In the first centuries following the death and resurrection of Jesus Christ there was little consistency in the way He was depicted by artists. He was often portrayed as clean-shaven with short hair but in the middle of the sixth century, a stylised portayal of Christ began to appear in Byzantine art. The emergence of this archetypal style coincided with the discovery of the Image of Edessa and it has informed the way artists have depicted Christ ever since.

Several historians have concluded that the catalyst for this sudden emergence of a stylised representation of Christ was a desire to faithfully reproduce a trusted representation, such as a recently discovered acheiropoietos (not made by hands) image.

The earliest known example of this representation is found in St. Catherine's monastery in Sinai. This image, known as Christ Pantocrator dates to approximately 550 AD and shares several features in common with the face of the Man of the Shroud, including:

  • long hair, parted in the middle;
  • large eyes with a raised left eyebrow;
  • long, straight nose;
  • a hairless area between the lower lip and the beard;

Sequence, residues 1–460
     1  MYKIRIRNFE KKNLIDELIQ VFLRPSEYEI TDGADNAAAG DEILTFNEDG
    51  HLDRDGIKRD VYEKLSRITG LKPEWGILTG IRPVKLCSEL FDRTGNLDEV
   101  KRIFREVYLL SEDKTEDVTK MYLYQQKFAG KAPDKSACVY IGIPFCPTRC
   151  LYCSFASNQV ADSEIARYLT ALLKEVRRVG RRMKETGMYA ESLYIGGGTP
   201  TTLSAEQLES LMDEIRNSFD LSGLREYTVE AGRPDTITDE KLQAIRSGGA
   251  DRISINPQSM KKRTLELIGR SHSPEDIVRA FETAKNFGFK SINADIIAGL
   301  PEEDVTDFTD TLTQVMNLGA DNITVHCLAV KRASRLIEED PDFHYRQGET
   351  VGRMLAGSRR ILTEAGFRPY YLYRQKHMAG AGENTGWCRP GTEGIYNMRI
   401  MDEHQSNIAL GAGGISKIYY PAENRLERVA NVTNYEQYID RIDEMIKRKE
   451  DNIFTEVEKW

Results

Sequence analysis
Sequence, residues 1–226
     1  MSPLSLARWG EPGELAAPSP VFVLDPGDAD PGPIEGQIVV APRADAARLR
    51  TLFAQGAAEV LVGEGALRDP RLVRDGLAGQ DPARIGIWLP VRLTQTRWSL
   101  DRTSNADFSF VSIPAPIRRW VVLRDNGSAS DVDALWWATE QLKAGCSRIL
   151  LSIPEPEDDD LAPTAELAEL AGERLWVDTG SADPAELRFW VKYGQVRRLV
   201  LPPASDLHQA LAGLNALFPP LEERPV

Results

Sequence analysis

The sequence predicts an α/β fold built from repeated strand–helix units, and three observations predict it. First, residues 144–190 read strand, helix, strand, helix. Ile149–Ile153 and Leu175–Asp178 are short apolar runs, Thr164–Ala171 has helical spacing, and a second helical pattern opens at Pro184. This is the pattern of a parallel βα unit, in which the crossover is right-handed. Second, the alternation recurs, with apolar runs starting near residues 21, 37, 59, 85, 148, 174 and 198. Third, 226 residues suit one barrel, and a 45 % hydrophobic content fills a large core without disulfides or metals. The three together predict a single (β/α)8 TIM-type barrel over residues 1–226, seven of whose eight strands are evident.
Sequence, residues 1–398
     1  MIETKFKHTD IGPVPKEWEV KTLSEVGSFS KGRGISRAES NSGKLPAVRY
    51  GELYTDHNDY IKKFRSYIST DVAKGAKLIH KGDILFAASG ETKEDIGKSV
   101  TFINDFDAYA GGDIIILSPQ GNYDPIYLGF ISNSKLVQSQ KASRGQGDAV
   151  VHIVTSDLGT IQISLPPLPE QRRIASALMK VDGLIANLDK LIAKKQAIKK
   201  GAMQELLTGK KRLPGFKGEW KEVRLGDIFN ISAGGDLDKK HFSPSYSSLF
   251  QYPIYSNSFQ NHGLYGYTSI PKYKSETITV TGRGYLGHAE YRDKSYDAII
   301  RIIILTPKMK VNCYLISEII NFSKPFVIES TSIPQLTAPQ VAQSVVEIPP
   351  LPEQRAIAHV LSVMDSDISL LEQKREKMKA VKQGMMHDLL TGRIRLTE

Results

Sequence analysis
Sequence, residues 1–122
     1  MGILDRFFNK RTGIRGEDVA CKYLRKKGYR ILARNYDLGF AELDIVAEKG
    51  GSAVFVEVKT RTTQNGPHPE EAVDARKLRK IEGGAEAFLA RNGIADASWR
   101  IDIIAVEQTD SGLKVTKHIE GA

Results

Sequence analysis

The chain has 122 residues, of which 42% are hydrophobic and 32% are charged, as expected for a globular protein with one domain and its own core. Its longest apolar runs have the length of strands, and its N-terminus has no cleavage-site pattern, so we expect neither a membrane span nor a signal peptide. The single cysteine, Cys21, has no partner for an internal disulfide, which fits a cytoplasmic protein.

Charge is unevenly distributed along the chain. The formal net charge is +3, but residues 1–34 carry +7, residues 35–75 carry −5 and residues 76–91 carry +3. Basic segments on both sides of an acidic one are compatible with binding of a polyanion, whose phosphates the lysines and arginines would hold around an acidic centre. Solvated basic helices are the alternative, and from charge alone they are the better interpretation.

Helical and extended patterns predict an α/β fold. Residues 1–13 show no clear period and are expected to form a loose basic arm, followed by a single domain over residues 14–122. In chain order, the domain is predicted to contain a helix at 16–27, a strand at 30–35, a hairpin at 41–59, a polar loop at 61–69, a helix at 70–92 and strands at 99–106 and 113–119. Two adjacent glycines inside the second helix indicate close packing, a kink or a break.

• prominent cheekbones;

One of the first scientists to closely study the Shroud was a French biologist named Paul Vignon. He noticed that a number of facial features seen on the Shroud were consistently found in Byzantine paintings, frescoes and mosaics of Christ. He spent many years studying hundreds of these icons and comparing them with the face seen on the Shroud, before publishing his findings. These included a list of fifteen specific facial characterics that appear to have been inspired by the Shroud, which are today commonly referred to as Vignon markings.

The extraordinary similarities between the Shroud facial features and those found in early Byzantine portrayals is evidence that the Shroud existed before 550 AD, the date when the St. Catherine's Monastery Christ Pantocrator icon was produced.

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